The Trump administration is planning a pro-fossil fuel slideshow at this year’s UN Climate Summit like one the White House rolled out last year that activists panned, Reuters reported Thursday.
This year’s climate summit is in Poland and is intended to hammer out a rule book to the Paris agreement President Donald Trump’s predecessor signed in 2015. Sources told Reuters that the president is using the platform to illustrate the importance of pushing cleaner forms of fossil fuels.
“The White House seems to have taken the view that it’s important to let technocrats complete the work of the rule book. It’s in the U.S. national interest to be at the table and see an outcome that emphasizes transparency, holds countries accountable,” one source said.
The source, commenting on the condition of anonymity, also said proponents of coal and natural gas will dominate the panel, which will also likely feature a U.S. Energy Department representative. There are no plans to include a representative for the green energy industry, the person said.
“Quite frankly, the U.S. is the only party to the convention that appears to be willing to push a rational discussion on the role of cleaner, more efficient fossil (fuels) and the role of civilian nuclear energy,” said another source, who is involved in the planning of the event.
Trump announced his decision in 2017 to pull the U.S. out of the Paris agreement, calling the non-binding agreement harmful to the U.S. economy. He said the country would consider re-entering if the deal can be re-negotiated.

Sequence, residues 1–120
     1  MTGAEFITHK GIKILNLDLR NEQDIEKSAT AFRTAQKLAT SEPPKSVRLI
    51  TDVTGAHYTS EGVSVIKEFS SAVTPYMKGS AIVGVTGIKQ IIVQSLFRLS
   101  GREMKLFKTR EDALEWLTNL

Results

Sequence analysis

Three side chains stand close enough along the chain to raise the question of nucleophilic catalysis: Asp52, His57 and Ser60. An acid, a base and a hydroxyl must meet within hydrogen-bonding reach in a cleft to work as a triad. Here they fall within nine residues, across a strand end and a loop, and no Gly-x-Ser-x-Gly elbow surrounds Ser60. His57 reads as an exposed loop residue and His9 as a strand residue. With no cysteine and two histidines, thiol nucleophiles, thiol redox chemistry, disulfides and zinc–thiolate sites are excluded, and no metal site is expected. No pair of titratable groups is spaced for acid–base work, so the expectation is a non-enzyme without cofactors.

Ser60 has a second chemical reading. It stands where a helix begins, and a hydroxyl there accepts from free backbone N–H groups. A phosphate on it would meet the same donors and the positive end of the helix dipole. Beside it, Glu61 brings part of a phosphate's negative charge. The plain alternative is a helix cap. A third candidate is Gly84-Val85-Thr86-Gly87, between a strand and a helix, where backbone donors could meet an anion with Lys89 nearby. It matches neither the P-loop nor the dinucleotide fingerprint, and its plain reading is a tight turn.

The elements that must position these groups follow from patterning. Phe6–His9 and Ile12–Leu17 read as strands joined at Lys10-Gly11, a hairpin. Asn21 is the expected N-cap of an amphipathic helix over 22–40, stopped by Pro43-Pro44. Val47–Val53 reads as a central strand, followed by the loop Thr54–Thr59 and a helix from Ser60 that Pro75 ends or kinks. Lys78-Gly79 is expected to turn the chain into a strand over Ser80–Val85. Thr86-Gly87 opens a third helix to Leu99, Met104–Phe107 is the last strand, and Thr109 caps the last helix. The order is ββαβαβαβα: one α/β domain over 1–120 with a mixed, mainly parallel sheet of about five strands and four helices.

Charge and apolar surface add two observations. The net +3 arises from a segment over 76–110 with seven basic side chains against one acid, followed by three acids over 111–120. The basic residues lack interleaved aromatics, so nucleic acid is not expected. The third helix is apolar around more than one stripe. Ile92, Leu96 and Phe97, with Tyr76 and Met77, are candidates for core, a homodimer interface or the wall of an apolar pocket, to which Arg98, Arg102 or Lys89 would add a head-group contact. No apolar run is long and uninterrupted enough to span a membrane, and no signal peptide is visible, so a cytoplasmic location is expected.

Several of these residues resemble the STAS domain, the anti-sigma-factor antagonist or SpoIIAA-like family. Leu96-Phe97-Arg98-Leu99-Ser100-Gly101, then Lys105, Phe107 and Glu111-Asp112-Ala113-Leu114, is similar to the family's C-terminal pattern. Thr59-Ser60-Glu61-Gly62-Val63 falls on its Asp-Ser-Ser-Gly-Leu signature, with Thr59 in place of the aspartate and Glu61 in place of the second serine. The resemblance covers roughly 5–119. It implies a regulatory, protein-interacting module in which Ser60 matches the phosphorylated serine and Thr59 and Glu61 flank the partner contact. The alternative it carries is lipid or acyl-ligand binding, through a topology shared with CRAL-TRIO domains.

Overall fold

The U.S. will not be able to leave the pact until shortly after the 2020 presidential election, per UN rules. Trump’s promotional slideshow mirrors one the administration did during last year’s climate summit.
The White House pushed goals it laid out at the 2017 G20 meeting to promote all energy sources, not just green energy, and increase energy access and security, one official told reporters last year. (RELATED: The White House To Push ‘More Efficient And Cleaner Fossil Fuels’ At Meeting With Foreign Climate Ministers)
One of Trump’s primary arguments for leaving the agreement, which required the U.S. and other countries to reduce their greenhouse gas emissions by magnitudes, was that it doesn’t eliminate coal jobs but rather transfers them to other countries.
Recent reports suggest his argument was not without merit. A report published in September, for instance, showed that industries have been moving operations overseas to poorer countries with fewer regulations.
The report, funded by the ClimateWorks Foundation, found that countries are increasingly “outsourcing” their emissions to other countries, like China and India. If those outsourced emissions were included “many promising climate trends would be negated or reversed,” the report noted.
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